As if consumed by an invisible flame to (in her own words) "spread the Gospel of Filipino food", Chef Yana Gilbuena had ordained herself an evangelizer dedicated to spreading the love that springs forth from soulful Filipino cooking.

Hailing all the way from the city of Ilolilo, Yana's roots can be traced down to an island found at the center of the Philippine archipelago. Yet anyone who’s known her would not be surprised to find this adventurous spirit traveling throughout North America with the hopes of shedding light on what many would agree is a highly underrated gastronomic genre.

"Call me a culinary crusader; I just wanted Filipino food to be known.”

Chef Yana’s creation, the SALO* series, is not only a meaningful recognition of the finest points of Filipino food and culture, but deeper than this, it also highlights the best thing about Philippine dining, which is bringing people together on the table for a hearty good time.

Multifaceted, and simultaneously bursting with freshness and spice -- words that easily describe Filipino food, as well as this young chef that is bringing its flavors to the front line of edible culture. If dining well is indeed the key to a life well lived, then it would be wise to grab a seat at Chef Yana's table whenever she'd drop by a city near you.



The Beginning


Daichi Sakamoto started cooking at age five, helping his mother prepare bentos for his father, younger sister, and himself. Chashu was never a missing component. Mother Sakamoto had learned how to make it when she studied abroad in Hong Kong. It was young Chef Sakamoto who mixed the marinade, a formula he perfected as he grew into his teens.

Many years later, he apprenticed under famed Chef Kazue Inoue at a luxury ryokan in the Nagano prefecture. There, he studied the art of kaiseki for seven years, and took a particular shine to the futamono and tome-wan soup-based dishes. His calling was starting to simmer.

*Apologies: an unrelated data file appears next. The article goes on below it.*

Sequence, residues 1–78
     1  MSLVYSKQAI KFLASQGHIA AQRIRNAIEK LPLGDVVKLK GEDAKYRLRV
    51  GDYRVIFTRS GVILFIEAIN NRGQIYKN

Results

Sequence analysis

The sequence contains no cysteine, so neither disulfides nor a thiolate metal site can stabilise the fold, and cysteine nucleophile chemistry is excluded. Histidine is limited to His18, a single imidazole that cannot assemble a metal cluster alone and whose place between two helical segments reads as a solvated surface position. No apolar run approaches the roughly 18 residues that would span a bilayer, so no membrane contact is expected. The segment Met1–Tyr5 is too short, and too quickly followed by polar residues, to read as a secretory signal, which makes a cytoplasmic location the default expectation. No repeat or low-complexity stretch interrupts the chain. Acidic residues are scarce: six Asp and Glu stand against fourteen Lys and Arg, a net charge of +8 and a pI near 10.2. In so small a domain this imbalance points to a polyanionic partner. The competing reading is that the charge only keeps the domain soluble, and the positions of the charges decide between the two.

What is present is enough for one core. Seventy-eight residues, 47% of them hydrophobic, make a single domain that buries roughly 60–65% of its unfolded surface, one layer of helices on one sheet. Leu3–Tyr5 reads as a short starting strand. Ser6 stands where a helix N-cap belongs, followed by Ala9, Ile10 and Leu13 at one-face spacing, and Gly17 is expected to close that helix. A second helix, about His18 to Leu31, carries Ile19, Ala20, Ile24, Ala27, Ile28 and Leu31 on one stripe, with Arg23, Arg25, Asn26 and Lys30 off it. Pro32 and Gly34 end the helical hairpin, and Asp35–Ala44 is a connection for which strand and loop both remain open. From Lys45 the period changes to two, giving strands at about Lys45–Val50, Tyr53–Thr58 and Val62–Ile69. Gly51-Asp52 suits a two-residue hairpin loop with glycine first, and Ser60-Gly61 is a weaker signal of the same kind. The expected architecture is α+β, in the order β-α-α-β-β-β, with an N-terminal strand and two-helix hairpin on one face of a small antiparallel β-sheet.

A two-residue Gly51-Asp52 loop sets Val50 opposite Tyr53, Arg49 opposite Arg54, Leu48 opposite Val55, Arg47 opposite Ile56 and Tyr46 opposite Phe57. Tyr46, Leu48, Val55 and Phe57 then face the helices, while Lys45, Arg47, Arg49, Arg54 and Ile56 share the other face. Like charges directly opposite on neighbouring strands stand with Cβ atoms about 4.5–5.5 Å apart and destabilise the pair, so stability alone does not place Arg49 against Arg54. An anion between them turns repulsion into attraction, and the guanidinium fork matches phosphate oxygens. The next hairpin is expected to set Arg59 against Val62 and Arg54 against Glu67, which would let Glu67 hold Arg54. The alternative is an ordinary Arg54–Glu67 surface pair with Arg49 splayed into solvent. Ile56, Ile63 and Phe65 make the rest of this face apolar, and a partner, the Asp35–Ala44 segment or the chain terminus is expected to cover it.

The First Venture


After saving his wages from the Nagano apprenticeship, Chef Sakamoto took out a loan and opened Chotto Kai, his first restaurant in Tokyo. Using simple, seasonal ingredients, he was able to bring the luxury of kaiseki to all. Because he incorporated some of the Hong Kong flavors his mother had inspired in him, Chotto Kai was both a huge success and a unique contribution to Tokyo’s culinary landscape.

During his eighth year at Chotto Kai, he befriended ramen shop owner Rei Fukui. Chef Sakamoto had stopped by her front stall for a quick dinner and fell instantly in love with her take on the springy yet soft noodle. Every ingredient was meticulously prepared, just like each kaiseki course.



A New Challenge


Chef Sakamoto implored chef Fukui to share her methods. She said that she would only teach him the basics if he promised to bring the art of ramen abroad. He brought the proposition to his family, and his mother immediately urged him to go to Hong Kong.

The next week, Chef Sakamoto flew to the “Pearl City” and discovered that he felt more at home than ever. He knew that he could meld the umami flavors and smoky scents of Cantonese cuisine with the richness and nuances of ramen. He went back to Tokyo to learn from Chef Fukui, and with her blessing, returned to Hong Kong seven years later.